Nutrition issues can be solved by adding liquid fertilizer or mulch to the soil. It is better to add fertilizer to the ground before planting the garlic. Also, make sure there is no weed growing close to the garlic plant as it can suck away all the nutrients, and garlic doesn’t fare well when there is competition around.
- Feeding as easy as watering
- Feed every 1-2 weeks
- Contains the garden feeder, 16 fl. oz. bottle of LiquaFeed All Purpose Plant Food, and one dosing spoon
- Easy-to-use dosing spoon lets you feed with a watering can
- For flowers, vegetables, trees, shrubs and houseplants
4. Issues with moisture
Not giving garlic plants the right amount of water is one of the most common reasons for the plant to start drooping. You may have underwatered or overwatered the plant.
The plant’s leaves will become yellow, dry, and crispy when you underwater the plant. To check for dehydration due to underwatering, feel the soil.
If the soil is dry from the top few inches, this is probably a case of underwatering. Fortunately, you can solve this in most cases by adding lots of water and being consistent with watering.
A drooping plant can also be because of overwatering. If your plant has turned yellow with brown corners, this could be a sign of overwatering. Check the soil is soggy and the plant is drenched in water.
In such a case, the roots can become suffocated with water and unable to breathe oxygen. Overwatering can also cause fungal and bacterial diseases, in which case you might notice the plant covered in some white stuff.
If your plant is overwatered, stop adding more water until the soil has completely dried out. Start adding water with more breaks and time in between sessions to allow the soil to dry out. If the flooding is due to rainwater, give the soil some time to dry up before watering.
5. Location of the plant
Like every plant, garlic, too, needs the right conditions before it can grow perfectly. To make sure the garlic plant gets all the required things, check the location of the plantation carefully.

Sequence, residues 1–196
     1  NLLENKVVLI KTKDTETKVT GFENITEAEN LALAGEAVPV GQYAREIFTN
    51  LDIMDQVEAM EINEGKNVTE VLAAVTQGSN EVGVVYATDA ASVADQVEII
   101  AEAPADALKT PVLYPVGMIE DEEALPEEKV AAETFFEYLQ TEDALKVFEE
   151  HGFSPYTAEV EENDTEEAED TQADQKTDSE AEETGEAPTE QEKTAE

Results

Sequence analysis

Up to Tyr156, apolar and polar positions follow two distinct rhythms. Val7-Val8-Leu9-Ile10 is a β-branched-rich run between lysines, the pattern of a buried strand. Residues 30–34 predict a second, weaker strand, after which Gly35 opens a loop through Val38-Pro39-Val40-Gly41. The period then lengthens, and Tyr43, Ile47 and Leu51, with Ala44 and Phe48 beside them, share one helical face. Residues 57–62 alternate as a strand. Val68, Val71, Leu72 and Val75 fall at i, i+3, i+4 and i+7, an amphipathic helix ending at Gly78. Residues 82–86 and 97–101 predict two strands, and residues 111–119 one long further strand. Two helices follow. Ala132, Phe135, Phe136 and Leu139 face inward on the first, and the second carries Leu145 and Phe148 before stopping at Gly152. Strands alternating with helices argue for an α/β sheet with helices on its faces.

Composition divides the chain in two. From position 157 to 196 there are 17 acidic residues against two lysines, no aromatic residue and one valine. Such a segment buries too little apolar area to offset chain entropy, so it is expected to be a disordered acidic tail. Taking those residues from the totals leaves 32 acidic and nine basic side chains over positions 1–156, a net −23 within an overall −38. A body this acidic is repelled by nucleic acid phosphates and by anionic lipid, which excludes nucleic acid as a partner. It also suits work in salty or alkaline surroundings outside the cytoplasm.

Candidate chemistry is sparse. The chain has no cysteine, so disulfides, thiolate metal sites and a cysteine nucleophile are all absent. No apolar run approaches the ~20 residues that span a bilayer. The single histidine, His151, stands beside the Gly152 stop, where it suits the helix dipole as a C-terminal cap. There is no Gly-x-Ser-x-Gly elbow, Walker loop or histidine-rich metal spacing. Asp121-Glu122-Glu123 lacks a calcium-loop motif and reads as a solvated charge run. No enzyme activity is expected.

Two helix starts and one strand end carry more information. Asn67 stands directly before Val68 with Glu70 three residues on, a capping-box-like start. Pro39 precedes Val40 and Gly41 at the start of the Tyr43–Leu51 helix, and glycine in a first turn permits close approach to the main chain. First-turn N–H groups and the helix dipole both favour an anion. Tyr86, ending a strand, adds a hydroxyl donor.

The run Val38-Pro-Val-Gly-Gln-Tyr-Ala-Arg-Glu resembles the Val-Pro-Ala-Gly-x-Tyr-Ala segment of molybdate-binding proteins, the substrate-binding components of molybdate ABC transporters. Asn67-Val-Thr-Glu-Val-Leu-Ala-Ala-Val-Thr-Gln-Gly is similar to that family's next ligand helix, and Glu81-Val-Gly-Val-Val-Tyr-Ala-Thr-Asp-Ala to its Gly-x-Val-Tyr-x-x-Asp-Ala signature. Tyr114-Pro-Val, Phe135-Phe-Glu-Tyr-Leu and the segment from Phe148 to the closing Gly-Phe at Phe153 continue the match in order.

Garlic needs plenty of sunlight, about 6-8 hours each day, and a slightly acidic, fertile, and well-draining soil. The ideal pH for the soil to grow garlic is between 6 and 7.
Choose the location for the garlic plant carefully where it gets ample sunlight and the soil is just right. If the conditions and environment are not right, your garlic plant may start drooping and falling on the ground.
6. Pest attack
While the garlic plant is quite resistant to pests and insect attacks and does not suffer from many diseases, some pests might attack and cause the garlic plant to become droopy.
Rust and white rot are two common pests that attack a garlic plant. White rot is particularly stubborn and hard to get rid of from the soil. Some insects that might attack the garlic plant include mites, maggots, thrips, etc.
To tackle this problem, you will have to take out the garlic bulb and investigate the type of pest attack. Some like aphid attacks can be dealt with fairly easily, while others like rot are hard to manage. You can prevent rust by mixing up irrigation before the harvesting period.
To prevent a fungal infection from invading the plant, avoid overwatering the plant.
Finding the real cause may be a bit difficult, but after reading all the above reasons for your question, “why is my garlic plants falling over, you must have found the real cause.
So, now that you are aware of the reason behind your drooping garlic plant, you can start working on the solution. Ensure the plant gets all the prerequisites before sowing the crop into the ground. Light, water, soil, and the weather should be optimal, and your garlic will grow healthy.
If you have any unique experiences with your garlic plant, don’t forget to share them with your fellow gardeners and us in the comment section below.